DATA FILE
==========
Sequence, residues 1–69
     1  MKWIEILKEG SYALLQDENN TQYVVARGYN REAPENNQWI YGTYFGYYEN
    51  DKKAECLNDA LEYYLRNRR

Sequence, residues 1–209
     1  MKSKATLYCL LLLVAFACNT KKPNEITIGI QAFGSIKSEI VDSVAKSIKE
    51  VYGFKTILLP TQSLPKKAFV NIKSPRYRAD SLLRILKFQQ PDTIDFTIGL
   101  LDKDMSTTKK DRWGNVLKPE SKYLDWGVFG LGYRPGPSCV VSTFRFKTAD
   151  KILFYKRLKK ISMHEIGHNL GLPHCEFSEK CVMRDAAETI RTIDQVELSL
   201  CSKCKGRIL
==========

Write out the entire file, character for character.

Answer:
Sequence, residues 1–69
     1  MKWIEILKEG SYALLQDENN TQYVVARGYN REAPENNQWI YGTYFGYYEN
    51  DKKAECLNDA LEYYLRNRR

Sequence, residues 1–209
     1  MKSKATLYCL LLLVAFACNT KKPNEITIGI QAFGSIKSEI VDSVAKSIKE
    51  VYGFKTILLP TQSLPKKAFV NIKSPRYRAD SLLRILKFQQ PDTIDFTIGL
   101  LDKDMSTTKK DRWGNVLKPE SKYLDWGVFG LGYRPGPSCV VSTFRFKTAD
   151  KILFYKRLKK ISMHEIGHNL GLPHCEFSEK CVMRDAAETI RTIDQVELSL
   201  CSKCKGRIL